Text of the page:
^

 
 

Unit of competency details

AVIY0082 - Operate a multi-engine helicopter (Release 1)

Summary

Usage recommendation:
Deleted
The Deleted usage recommendation was implemented on 13 June 2017 to describe training components that have no replacement. Enrolments in training components and statements of attainment or qualifications issued before 13 June 2017 are valid. For any components marked as deleted after 13 June 2017, the applicable transition/teach-out periods apply. For specific questions regarding the enrolment, delivery or issuance of a statement of attainment/qualification, please contact your training regulator.
Mapping:
MappingNotesDate
DeletedDeleted from AVI Aviation Training Package24/May/2021
Supersedes and is equivalent to AVIY5065 - Operate a multi-engine helicopter12/Aug/2019

Releases:
ReleaseRelease date
1 1 (this release) 13/Aug/2019


Classifications

SchemeCodeClassification value
ASCED Module/Unit of Competency Field of Education Identifier 031505 Aircraft Operation  

Classification history

SchemeCodeClassification valueStart dateEnd date
ASCED Module/Unit of Competency Field of Education Identifier 031505 Aircraft Operation  10/Sep/2019 
The content being displayed has been produced by a third party, while all attempts have been made to make this content as accessible as possible it cannot be guaranteed. If you are encountering issues following the content on this page please consider downloading the content in its original form

Unit Of competency

Modification History

Release 1. This is the first release of this unit of competency in the AVI Aviation Training Package.

Application

This unit involves the skills and knowledge required to operate a multi-engine helicopter in compliance with relevant regulatory requirements of the Civil Aviation Safety Authority (CASA) and national operating standards.

It includes operating a multi-engine helicopter in all phases of flight, managing engine failures and malfunctions, performing a rejected take-off with engine failure, and conducting a go-around or missed approach with an engine failure.

This unit addresses aviation technical skill requirements (physical, mental and task-management abilities) related to aircraft operational duties of flight crew and contributes to safe and effective performance in complex aviation operational environments.

Operations are conducted as part of commercial and military aircraft activities across a variety of operational contexts within the Australian aviation industry.

Work is performed independently or under limited supervision within a single-pilot or multi-crew environment.

Licensing, legislative, regulatory or certification requirements are applicable to this unit.

Pre-requisite Unit

Not applicable.

Competency Field

Y – Aircraft Operation and Traffic Management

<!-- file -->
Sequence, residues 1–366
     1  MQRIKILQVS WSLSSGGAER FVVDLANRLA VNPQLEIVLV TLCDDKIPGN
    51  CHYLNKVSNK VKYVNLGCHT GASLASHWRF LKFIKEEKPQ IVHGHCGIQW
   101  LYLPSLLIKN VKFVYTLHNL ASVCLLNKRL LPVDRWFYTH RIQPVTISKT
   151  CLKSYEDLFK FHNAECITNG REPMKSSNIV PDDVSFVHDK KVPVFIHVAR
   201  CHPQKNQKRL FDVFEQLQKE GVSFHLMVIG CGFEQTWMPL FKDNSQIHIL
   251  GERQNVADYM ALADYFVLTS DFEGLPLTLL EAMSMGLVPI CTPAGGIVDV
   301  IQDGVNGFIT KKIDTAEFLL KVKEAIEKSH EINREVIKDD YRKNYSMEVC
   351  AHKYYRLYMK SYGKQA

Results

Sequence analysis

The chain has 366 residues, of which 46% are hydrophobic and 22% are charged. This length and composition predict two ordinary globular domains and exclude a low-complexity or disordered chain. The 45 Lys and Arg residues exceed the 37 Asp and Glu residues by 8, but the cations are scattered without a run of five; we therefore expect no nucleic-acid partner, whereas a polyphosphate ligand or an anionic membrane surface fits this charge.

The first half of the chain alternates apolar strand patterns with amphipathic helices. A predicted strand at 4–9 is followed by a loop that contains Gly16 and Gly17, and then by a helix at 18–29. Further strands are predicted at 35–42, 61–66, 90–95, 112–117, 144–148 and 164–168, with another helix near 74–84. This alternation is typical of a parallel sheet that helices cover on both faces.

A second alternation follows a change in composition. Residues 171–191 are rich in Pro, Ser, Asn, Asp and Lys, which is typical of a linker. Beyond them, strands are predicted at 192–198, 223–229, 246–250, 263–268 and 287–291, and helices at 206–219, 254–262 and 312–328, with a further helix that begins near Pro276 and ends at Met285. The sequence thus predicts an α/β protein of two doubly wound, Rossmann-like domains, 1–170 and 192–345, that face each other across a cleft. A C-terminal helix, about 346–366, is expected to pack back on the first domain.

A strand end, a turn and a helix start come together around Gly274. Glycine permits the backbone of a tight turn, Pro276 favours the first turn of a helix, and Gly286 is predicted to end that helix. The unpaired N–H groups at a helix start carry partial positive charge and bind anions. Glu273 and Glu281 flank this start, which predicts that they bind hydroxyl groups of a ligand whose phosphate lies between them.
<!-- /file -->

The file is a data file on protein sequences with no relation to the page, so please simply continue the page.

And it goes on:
Unit Sector

Not applicable.

Elements and Performance Criteria

ELEMENTS 

PERFORMANCE CRITERIA 

Elements describe the essential outcomes.

Performance criteria describe the performance needed to demonstrate achievement of the element.

1  

Operate a multi-engine helicopter in all phases of flight 

1.1 

Normal multi-engine helicopter operations on-ground and in-flight are conducted in accordance with workplace procedures and the aircraft flight manual (AFM)/pilot’s operating handbook (POH)

1.2 

Single engine operations contingencies for all phases of flight are anticipated and planned for

1.3 

Single engine operations contingency plan is briefed to crew members as required

2 

Manage engine failure/malfunction 

2.1 

Control of helicopter is maintained and/or regained

2.2 

Failed/malfunctioning engine is identified and confirmed

2.3 

Power set on serviceable engine/s and helicopter configuration is adjusted to achieve desired aircraft performance

2.4 

Failed/malfunctioning engine is managed

2.5 

Decision to continue or abort approach/landing is made

2.6 

Decision height for landing is nominated

2.7 

Indicated airspeed is maintained at or above minimum level flight speed for one inoperative engine

2.8 

Air traffic control (ATC) or another agency capable of assistance is advised of situation and intentions

2.9 

Flight profile is flown from which a controlled landing could be achieved

2.10 

Recovery to a suitable landing site is evaluated and conducted

3 

Perform rejected take-off with engine failure 

3.1 

Requirement for a rejected take-off is recognised

3.2 

Rejected take-off procedures are implemented

3.3 

Contingency power on remaining engine/s is applied as required

3.4 

Controlled landing in rejected take-off distance available is performed

4 

Conduct go-around or missed approach with engine failure 

4.1 

Requirement for a go-around or missed approach is identified and confirmed

4.2 

Control of helicopter is maintained and/or regained

4.3 

Engine inoperative go-around is performed from decision height

Foundation Skills

Foundation skills essential to performance are explicit in the performance criteria of this unit of competency.

Range of Conditions

Range is restricted to essential operating conditions and any other variables essential to the work environment.

Unit Mapping Information

This unit replaces and is equivalent to AVIY5065 Operate a multi-engine helicopter.

Links

AVI Training Package Companion Volume Implementation Guide available on VET Net: - https://vetnet.gov.au/Pages/TrainingDocs.aspx?q=4725260a-0af3-4daf-912b-ef1c2f3e5816

 

Assessment requirements

Modification History

Release 1. This is the first release of this unit of competency in the AVI Aviation Training Package.

Performance Evidence

Evidence required to demonstrate competence in this unit must be relevant to and satisfy all of the requirements of the elements and performance criteria on at least one occasion and include:

  • adapting to differences in equipment and operating environment in accordance with standard operating procedures (SOPs)
  • applying precautions and required action to minimise, control or eliminate identified hazards
  • applying relevant air safety practices and regulations
  • applying relevant helicopter aeronautical knowledge
  • communicating effectively with others
  • completing relevant documentation
  • controlling and managing aircraft during flight with failed engine/s
  • extracting, calculating and applying all performance information applicable to aircraft
  • following relevant legislation and workplace procedures
  • identifying and correctly using relevant equipment
  • identifying and managing emergency and abnormal situations while maintaining control of aircraft
  • identifying critical or malfunctioning engine correctly
  • implementing contingency plans